While the official deadline for making a college decision is May 1, thousands of students across the United States already have been admitted to the schools of their choice. Many also have received financial aid offers, thanks to a new timetable from the Department of Education, which moved up the start date for the Free Application for Federal Student Aid (FAFSA) to Oct. 1 from Jan. 1.
Yet making an educated decision about which school to attend is hard for admitted students because financial aid information is not available from all of them.
"My families are just freaking out. It's almost too much time to be waiting," says college financial aid consultant Jodi Okun.
Traditionally, colleges distributed financial aid letters to admitted students in mid-March. But some institutions, such as Kalamazoo College in Michigan and the University of Denver, moved up their financial aid award notifications as well, sending out letters to admitted students immediately. College funding expert Mark Kantrowitz, publisher at Cappex.com, estimated that half to two-thirds of colleges are sending out some kind of real award letters to already-accepted students.
Schools with admitted students at this point in the year would be those with rolling admissions as well as early decisions (a binding commitment) and action (which can wait until May 1). The majority of students, however, will not receive acceptances until March or later, with their financial aid packages arriving shortly after.
It has not been easy for schools to juggle the new deadlines. The College of Wooster, a Scottish-Presbyterian institution in Wooster, Ohio, had to accelerate all sorts of other deadlines in order to get aid letters out in January to the first batch of accepted students.
That included moving up auditions for competitive scholarships, which caused a bit of a space crunch when it came to bagpipers needing an indoor space to try out in January, as opposed to being able to do it outdoors in March.
"It was an organizational challenge," said W. Scott Friedhoff, Wooster's vice president for enrollment and college relations. And not just for the institution: "Now families have to be a little more alert about deadlines that have changed."
The intention of the new timeline is to provide a bigger window for consideration of financial options. In particular, families can appeal for more aid if they feel the award is not adequate, Kantrowitz said.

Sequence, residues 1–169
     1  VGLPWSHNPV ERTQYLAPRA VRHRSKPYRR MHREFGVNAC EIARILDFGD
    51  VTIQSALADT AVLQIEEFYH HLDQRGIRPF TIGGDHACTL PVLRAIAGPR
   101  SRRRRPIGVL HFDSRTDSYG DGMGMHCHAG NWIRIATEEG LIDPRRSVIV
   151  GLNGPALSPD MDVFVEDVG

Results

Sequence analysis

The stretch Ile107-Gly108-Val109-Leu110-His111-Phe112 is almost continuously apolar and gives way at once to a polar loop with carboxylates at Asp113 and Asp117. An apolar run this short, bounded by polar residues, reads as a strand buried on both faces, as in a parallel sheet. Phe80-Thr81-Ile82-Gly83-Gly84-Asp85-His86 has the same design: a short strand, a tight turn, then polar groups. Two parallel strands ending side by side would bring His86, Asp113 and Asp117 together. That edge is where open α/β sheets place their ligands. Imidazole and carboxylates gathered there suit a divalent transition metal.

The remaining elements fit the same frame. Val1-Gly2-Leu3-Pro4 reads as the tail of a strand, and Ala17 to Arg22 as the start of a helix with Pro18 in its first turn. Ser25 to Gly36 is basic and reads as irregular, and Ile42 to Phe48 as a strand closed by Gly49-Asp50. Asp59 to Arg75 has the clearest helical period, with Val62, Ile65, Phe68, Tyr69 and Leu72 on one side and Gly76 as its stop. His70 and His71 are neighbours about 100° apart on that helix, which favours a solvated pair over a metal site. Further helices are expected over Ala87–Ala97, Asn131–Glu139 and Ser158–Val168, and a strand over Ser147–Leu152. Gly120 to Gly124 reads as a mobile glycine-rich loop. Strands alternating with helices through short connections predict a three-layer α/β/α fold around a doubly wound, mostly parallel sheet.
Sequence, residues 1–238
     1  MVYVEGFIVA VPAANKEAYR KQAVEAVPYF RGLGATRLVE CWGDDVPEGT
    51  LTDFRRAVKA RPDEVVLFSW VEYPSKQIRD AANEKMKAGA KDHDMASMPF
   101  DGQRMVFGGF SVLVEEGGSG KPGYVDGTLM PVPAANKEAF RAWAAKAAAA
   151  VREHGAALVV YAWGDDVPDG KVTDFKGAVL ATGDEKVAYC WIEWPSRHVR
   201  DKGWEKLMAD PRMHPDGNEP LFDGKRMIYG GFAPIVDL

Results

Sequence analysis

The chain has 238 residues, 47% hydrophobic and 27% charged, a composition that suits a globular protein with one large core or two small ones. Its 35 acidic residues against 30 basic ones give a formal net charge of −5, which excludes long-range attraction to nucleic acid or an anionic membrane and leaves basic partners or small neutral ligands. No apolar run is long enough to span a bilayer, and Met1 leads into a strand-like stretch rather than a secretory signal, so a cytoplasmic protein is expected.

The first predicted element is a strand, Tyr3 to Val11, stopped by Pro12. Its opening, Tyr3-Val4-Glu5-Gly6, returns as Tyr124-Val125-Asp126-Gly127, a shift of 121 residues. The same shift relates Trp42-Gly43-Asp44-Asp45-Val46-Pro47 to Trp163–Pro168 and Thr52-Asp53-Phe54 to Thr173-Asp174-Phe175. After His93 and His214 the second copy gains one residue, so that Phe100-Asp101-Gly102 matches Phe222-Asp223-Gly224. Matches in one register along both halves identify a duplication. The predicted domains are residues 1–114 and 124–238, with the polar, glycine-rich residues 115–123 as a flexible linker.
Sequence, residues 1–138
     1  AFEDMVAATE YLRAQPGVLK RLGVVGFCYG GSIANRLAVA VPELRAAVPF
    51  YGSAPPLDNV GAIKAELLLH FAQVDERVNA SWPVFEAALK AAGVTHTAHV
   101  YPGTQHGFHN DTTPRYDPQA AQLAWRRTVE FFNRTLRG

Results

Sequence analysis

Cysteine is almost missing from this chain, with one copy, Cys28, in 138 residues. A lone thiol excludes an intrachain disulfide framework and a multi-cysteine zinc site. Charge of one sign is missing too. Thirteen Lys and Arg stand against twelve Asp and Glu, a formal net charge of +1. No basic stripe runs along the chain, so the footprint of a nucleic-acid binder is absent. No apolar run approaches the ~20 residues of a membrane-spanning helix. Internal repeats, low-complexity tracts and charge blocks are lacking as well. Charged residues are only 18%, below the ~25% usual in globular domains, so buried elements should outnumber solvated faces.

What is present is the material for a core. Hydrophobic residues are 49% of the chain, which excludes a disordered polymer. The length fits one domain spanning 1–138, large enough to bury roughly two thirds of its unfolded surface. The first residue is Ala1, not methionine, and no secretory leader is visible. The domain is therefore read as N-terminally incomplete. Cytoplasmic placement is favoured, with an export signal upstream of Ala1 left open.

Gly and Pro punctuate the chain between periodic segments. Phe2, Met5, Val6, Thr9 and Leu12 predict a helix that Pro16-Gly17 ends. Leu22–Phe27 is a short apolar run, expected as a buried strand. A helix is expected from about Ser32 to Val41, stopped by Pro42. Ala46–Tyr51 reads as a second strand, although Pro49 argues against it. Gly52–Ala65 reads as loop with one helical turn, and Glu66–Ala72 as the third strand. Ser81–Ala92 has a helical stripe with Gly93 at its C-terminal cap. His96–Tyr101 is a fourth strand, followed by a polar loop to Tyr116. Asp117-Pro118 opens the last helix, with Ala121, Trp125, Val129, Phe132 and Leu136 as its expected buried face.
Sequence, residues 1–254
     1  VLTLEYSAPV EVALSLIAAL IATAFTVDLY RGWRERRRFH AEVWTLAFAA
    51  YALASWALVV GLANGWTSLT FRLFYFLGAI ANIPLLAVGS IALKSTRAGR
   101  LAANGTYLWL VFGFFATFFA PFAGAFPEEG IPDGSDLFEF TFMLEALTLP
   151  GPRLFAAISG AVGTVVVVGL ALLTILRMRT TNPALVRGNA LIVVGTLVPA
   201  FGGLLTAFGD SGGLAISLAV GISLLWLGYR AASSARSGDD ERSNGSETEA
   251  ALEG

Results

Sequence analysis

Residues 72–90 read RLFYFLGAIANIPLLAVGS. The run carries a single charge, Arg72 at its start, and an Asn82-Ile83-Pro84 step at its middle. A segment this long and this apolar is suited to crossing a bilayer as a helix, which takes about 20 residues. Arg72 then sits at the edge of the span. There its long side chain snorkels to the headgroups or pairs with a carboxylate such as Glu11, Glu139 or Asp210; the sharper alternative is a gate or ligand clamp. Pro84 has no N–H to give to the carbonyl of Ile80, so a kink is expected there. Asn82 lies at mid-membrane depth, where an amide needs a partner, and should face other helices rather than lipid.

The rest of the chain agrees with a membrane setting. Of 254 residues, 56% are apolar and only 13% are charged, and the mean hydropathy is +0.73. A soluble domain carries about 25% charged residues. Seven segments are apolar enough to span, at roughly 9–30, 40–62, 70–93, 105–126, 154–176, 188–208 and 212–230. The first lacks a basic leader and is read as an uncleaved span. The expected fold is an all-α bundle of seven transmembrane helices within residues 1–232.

Carroll University in Waukesha, Wisconsin, is making it easier for admitted students to talk over their financial aid offers this year. It had a visiting day last Saturday with slots every 20 minutes to ask questions, and filled every one.
The timeline benefits some schools too. Indiana Wesleyan University in Marion, Indiana, is using the new calendar to counter competitors who give out merit aid. In the past, the students it coveted were already spoken for by the time the school sent out need-based offers.
"This levels the playing field for bottom-dollar costs," said Thomas Ratliff, the school's associate vice president.
More time also gives high school seniors a chance to re-visit schools and do all-important things like taste the food, which Kantrowitz urges students to take seriously.
"It is a real consideration for some," he said. "They arrive on campus and form a first impression. More time will allow them to make a more deliberative, informed impression."
But the early aid offers have drawbacks too, most notably, accelerating the age-old senior slide. "You get in, you get a great offer, it gives you more time to slack off," Kantrowitz warned. "Offers of admission are conditional - they are dependent on final grades. If you have a serious slump, the school could rescind the offer."
Another potential negative exists for the type-A student who is driven, anxious and unable to wait. Okun has a client who got into her dream school, the University of San Francisco, and received her award letter. But she is not celebrating yet because she has to wait for award letters from the other six schools on her list.
"I keep telling her, 'I know it's hard,'" Okun said. "But talk to the school, revisit, and decide if you can really afford it."